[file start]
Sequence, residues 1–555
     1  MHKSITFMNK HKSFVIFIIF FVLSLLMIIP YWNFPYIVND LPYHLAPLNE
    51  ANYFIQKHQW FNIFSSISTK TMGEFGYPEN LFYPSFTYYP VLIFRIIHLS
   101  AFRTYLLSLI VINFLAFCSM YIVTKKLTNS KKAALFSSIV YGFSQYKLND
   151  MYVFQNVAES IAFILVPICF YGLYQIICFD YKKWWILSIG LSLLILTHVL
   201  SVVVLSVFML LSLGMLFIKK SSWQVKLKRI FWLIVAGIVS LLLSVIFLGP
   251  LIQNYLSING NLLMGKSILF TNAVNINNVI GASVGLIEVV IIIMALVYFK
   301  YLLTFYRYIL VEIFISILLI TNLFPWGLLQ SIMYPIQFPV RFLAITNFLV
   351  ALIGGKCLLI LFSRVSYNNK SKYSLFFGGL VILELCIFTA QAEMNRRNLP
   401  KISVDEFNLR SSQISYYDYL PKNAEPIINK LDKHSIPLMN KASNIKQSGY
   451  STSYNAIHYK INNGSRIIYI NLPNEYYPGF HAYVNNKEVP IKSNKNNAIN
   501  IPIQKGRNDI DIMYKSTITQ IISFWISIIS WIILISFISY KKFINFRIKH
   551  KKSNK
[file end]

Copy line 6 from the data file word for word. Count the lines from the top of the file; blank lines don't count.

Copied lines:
   201  SVVVLSVFML LSLGMLFIKK SSWQVKLKRI FWLIVAGIVS LLLSVIFLGP